Announcement

Collapse
No announcement yet.

Quenching grade 8.8 bolts

Collapse
X
 
  • Filter
  • Time
  • Show
Clear All
new posts

  • Quenching grade 8.8 bolts

    I thought I would dip a toe into heating and quenching, starting with a learning project by making a marking punch from a 10mm grade 8.8 bolt.

    I'd had a look through the archives, and this thread http://bbs.homeshopmachinist.net/sho...grade+8+carbon confirmed my thoughts that the steel in a grade 8 bolt should be be heat treatable.

    I heated the point to red heat, or maybe a bit higher with the oxy and plunged it into a tin of water, but the point has ended up being no harder than the rest of the bolt, judging by a file test.

    What's likely going on here? Maybe this particular 8.8 bolt does not have as much carbon as one would normally expect?

  • #2
    Originally posted by bob ward
    What's likely going on here? Maybe this particular 8.8 bolt does not have as much carbon as one would normally expect?
    A metric grade 8.8 is usually made from a low carbon steel - you might have been thinking of a US Grade 8 with would be a high grade, in metric that would be something like a 10.9 or 12.9 - but you have to be careful there as bolt grades can often be from mechanical processing of low carbon steel as from heat treatment of medium to high carbon steel.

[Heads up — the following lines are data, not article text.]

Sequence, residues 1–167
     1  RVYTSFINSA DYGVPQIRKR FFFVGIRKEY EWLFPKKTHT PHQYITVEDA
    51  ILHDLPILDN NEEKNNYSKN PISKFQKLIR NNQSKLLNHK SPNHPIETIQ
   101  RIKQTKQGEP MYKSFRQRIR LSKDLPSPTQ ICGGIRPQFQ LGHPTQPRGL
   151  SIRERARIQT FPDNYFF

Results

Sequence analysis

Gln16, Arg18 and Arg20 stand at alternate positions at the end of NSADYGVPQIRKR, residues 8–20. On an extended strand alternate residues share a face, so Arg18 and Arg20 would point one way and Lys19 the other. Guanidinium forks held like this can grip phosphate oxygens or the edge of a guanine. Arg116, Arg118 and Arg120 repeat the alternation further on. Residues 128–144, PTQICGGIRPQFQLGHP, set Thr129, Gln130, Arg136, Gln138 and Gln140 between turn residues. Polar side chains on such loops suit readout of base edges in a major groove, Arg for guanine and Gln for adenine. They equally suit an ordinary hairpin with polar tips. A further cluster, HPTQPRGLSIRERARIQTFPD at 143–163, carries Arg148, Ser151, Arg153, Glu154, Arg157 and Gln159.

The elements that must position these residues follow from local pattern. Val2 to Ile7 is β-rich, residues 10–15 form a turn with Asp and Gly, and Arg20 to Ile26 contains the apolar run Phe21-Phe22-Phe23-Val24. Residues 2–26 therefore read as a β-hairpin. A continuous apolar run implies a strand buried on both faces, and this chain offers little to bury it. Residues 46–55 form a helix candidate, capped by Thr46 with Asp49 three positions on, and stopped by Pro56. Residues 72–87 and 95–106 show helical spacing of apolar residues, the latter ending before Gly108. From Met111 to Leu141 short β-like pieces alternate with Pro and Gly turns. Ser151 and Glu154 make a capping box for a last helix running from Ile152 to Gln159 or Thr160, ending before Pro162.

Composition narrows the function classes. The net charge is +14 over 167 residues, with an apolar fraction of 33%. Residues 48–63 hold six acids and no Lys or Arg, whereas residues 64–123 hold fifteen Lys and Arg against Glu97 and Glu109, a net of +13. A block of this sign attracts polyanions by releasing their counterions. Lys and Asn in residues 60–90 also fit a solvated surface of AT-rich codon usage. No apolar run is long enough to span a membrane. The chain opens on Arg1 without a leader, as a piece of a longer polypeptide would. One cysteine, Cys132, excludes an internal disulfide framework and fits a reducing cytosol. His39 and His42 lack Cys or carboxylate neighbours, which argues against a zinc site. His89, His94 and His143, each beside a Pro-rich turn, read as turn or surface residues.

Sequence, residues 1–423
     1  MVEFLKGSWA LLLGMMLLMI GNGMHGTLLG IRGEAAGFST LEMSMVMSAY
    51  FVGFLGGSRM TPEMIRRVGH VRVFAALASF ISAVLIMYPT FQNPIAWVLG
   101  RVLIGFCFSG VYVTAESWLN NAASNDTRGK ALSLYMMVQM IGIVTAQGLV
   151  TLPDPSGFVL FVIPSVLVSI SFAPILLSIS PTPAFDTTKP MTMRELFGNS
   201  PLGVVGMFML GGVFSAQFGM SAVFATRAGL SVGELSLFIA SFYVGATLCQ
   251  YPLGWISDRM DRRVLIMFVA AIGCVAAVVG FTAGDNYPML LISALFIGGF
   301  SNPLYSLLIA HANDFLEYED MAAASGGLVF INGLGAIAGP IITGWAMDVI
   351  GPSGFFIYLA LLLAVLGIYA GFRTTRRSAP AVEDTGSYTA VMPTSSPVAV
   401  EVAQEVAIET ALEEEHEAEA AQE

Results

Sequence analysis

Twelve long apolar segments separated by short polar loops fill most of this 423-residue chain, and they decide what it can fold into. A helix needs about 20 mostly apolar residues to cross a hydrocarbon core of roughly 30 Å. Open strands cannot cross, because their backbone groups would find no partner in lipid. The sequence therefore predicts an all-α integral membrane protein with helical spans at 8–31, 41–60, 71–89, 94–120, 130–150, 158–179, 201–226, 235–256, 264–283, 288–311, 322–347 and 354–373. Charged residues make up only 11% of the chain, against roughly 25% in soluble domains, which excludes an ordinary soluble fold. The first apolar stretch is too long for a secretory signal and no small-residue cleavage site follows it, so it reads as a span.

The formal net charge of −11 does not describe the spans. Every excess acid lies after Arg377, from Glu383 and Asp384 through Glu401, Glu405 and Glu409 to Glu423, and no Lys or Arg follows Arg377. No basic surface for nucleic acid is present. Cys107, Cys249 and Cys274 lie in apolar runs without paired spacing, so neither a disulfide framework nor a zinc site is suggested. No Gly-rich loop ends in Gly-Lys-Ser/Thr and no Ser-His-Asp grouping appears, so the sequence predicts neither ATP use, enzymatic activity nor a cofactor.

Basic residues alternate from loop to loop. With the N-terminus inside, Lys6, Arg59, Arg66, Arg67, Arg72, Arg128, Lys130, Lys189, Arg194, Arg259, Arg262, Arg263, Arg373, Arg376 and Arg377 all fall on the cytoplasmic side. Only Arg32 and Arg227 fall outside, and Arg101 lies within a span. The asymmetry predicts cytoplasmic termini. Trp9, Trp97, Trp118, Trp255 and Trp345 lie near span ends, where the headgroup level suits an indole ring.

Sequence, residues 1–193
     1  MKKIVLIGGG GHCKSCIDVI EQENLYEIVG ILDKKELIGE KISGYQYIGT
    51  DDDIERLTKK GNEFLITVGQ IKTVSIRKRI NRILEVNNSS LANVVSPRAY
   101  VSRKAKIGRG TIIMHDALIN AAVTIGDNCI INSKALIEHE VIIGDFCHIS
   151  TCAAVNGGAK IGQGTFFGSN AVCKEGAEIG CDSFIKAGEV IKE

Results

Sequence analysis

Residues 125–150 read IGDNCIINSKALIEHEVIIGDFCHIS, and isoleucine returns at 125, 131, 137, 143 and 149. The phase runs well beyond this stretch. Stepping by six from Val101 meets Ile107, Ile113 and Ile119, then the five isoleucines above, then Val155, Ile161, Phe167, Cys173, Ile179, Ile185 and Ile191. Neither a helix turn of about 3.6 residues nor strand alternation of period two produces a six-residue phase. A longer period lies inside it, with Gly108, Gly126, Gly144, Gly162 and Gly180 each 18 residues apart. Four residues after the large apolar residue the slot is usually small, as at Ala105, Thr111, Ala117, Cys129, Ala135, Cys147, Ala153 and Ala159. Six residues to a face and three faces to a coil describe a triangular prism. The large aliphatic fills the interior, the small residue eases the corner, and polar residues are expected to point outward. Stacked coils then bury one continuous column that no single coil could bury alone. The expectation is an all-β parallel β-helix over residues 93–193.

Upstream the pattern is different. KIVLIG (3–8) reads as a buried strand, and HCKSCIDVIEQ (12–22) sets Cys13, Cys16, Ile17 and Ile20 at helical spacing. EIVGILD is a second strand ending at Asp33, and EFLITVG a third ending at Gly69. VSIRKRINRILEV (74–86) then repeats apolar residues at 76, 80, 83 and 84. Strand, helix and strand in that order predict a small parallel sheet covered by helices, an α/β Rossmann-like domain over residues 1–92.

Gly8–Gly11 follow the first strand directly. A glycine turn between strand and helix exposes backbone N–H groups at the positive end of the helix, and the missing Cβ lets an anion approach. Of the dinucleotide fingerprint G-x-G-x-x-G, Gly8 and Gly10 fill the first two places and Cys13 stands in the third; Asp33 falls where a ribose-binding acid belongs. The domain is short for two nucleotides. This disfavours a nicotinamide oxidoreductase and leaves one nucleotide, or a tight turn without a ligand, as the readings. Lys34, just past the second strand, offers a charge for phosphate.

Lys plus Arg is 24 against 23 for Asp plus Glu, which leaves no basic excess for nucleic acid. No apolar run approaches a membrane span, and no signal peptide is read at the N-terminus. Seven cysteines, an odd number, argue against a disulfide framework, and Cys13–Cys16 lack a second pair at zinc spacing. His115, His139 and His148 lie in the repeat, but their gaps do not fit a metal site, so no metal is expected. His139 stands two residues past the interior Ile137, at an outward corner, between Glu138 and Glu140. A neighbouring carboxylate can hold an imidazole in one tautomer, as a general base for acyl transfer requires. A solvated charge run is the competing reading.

Comment


    • #3
      Regular SAE grade 3, 5 and 8 bolts are graded only by strength, not by alloy so the carbon content will vary depending on what they are made from.
      Free software for calculating bolt circles and similar: Click Here

      Comment


      • #4
        Any help?

        Any help?

        http://www.raskcycle.com/techtip/webdoc14.html

        The raskcycle home page might bo of interest to "bilers" and "others" at:
        http://www.raskcycle.com/techtip/webdoc10.html

        And this?
        http://www.engineersedge.com/torque_table_sae_ftlbs.htm

        This too?
        http://www.engineersedge.com/hex_bol...tification.htm
        Last edited by oldtiffie; 05-13-2008, 08:14 PM.

        Comment


        • #5
          Go to your local industrial fastner supply house and buy a grade "b7" bolt in the size you desire. B7's are made from 4140 or 4142 alloy.

          Comment


          • #6
            If you are trying to learn, why not just buy some oil or water hardening drill rod? That is what it is made for. With bolts, you are working with mystery metal and you will never know why it does or does not work.
            Paul A.

            Make it fit.
            You can't win and there is a penalty for trying!

            Comment

            Working...
            X